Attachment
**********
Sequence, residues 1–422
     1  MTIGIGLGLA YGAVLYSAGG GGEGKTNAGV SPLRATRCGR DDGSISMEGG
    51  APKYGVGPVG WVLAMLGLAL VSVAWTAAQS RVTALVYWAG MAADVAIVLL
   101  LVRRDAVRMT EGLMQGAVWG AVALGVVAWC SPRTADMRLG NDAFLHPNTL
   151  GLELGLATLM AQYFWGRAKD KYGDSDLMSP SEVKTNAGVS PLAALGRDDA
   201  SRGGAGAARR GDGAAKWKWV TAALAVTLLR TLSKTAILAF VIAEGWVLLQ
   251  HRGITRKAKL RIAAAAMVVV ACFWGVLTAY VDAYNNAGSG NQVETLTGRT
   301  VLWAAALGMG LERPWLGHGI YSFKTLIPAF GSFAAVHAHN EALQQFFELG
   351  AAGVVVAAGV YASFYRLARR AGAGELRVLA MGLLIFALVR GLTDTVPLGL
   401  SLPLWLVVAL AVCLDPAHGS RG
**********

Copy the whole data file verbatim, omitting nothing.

Sequence, residues 1–422
     1  MTIGIGLGLA YGAVLYSAGG GGEGKTNAGV SPLRATRCGR DDGSISMEGG
    51  APKYGVGPVG WVLAMLGLAL VSVAWTAAQS RVTALVYWAG MAADVAIVLL
   101  LVRRDAVRMT EGLMQGAVWG AVALGVVAWC SPRTADMRLG NDAFLHPNTL
   151  GLELGLATLM AQYFWGRAKD KYGDSDLMSP SEVKTNAGVS PLAALGRDDA
   201  SRGGAGAARR GDGAAKWKWV TAALAVTLLR TLSKTAILAF VIAEGWVLLQ
   251  HRGITRKAKL RIAAAAMVVV ACFWGVLTAY VDAYNNAGSG NQVETLTGRT
   301  VLWAAALGMG LERPWLGHGI YSFKTLIPAF GSFAAVHAHN EALQQFFELG
   351  AAGVVVAAGV YASFYRLARR AGAGELRVLA MGLLIFALVR GLTDTVPLGL
   401  SLPLWLVVAL AVCLDPAHGS RG